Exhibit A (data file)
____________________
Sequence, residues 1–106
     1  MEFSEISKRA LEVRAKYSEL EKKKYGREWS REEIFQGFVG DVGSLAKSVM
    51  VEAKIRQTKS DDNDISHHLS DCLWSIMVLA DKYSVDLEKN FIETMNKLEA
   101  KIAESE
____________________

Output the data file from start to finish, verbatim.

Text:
Sequence, residues 1–106
     1  MEFSEISKRA LEVRAKYSEL EKKKYGREWS REEIFQGFVG DVGSLAKSVM
    51  VEAKIRQTKS DDNDISHHLS DCLWSIMVLA DKYSVDLEKN FIETMNKLEA
   101  KIAESE